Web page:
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Regulatory Accountability Act of 2017 (S. 951) Fact Sheet

May 23, 2017 | Download PDF

The Regulatory Accountability Act (S. 951) is one of the greatest threats to our system of public protections in decades. The bill would rig the rulemaking process in favor of deregulation, defeating continued enforcement of our public interest laws. The consequences of this legislation are incredibly broad – potentially impacting women’s health, consumer protection, food safety, financial reform, labor, the environment, disability rights, human rights, sustainable agriculture, rural development and more.

After the destruction wrought by the Congressional Review Act and President Donald Trump’s extreme “one-in, two-out” executive order on regulations, we cannot let the Regulatory Accountability Act permanently cripple federal agencies’ ability to enforce critical bedrock laws through strong and sensible regulations that protect the public. This will be a huge fight, requiring an all-hands-on-deck approach.


Putting Profits Ahead of the Public. The RAA is designed to block or weaken regulations that protect American workers, consumers and the environment. It forces agencies across the board to adopt “the most cost-effective” regulations for corporations, not the regulations that “maximize net benefits” to the public.

  • This makes cost-benefit analysis, a flawed tool that undermines strong regulations, even worse by forcing regulators to put costs to industry before protecting the health and safety of workers and consumers, the environment and reforming Wall Street.
  • We need strong and effective regulatory safeguards that maximize benefits for the American public. When those are missing and corporations cut corners, the public pays the price.

Adding Regulatory Delays. The RAA takes a rulemaking process that is already broken due to unacceptable delays and makes it much worse. It currently takes agencies an entire presidential term on average to produce and finalize the regulations that provide the greatest benefits to Americans. Regulators have missed rulemaking deadlines half of the time over the past 20 years.

  • The RAA drowns agency regulators with up to 53 new requirements in the rulemaking process. These new requirements have been shown to lead to significant additional delays compared to rulemakings without these requirements.
  • The RAA introduces a discredited form of rulemaking for the most important regulations that involve “adversarial hearings.” In the past, these chaotic trial-like hearings have led to enormous regulatory delay and dysfunction – which is why they were abandoned decades ago. Regulatory experts recommend that “Congress never require trial-type procedures” for rulemaking.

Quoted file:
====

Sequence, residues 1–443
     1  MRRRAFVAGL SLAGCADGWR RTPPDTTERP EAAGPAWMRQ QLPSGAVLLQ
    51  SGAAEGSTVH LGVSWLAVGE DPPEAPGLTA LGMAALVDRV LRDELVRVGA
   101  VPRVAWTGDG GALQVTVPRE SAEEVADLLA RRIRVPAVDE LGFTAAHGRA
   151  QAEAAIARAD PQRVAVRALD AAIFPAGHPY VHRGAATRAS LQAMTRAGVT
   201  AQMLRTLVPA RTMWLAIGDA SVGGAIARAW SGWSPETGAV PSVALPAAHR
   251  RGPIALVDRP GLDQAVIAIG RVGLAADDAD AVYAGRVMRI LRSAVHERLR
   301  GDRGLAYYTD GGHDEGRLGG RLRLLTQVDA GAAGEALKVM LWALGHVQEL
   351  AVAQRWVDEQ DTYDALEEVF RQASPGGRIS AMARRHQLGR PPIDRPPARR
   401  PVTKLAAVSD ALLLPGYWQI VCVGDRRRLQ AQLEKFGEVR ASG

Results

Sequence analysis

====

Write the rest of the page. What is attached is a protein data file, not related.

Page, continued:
• The RAA provides no new funding for agencies to comply with the dozens of new mandates. Given that agency budgets have stagnated or declined for decades, this will make regulatory delay even worse.

Excluding the Public. The RAA rigs the regulatory process for big corporate interests. The numerous steps that the RAA adds to the rulemaking process means that corporate lobbyists, who already dominate the rulemaking process, will have even more opportunities to undermine public protections.

  • “Adversarial hearings” cut the public out of the rulemaking process and put corporate interests in the driver’s seat. If used for the most important regulations, Washington insiders and corporate lobbyists will have far greater influence over new regulations than the public.
  • The RAA makes “adversarial hearings” the exclusive record of decision-making for agencies when developing protections. This renders the public comment process largely irrelevant to rulemaking. It also vastly increases the influence of corporate lobbyists who have the resources to take advantage of these hearings to block or weaken regulations.

Increasing Court Interference. The RAA offers opponents of regulatory safeguards dozens more opportunities to attack and kill regulations in court. Under President Obama, Wall Street and big business blocked key health, safety and financial reforms by challenging agencies and rules in court.

  • All 53 of the RAA’s new procedural and analytical requirements will be subject to judicial review, creating dozens of new ways for special interests to take agencies to court.
  • The RAA allows courts to overturn rules by second-guessing agency cost-benefit analysis, scientific justifications and agency expertise generally.
  • The RAA makes regulations that provide the greatest benefits to Americans more vulnerable in court by subjecting them to a higher “substantial evidence” standard.
  • Regulatory experts agree that more judicial review of regulations leads to a slower rulemaking process.

Learn more about the Regulatory Accountability Act on the Coalition for Sensible Safeguards’ RAA index page. For more information, please contact Amit Narang at or James Goodwin at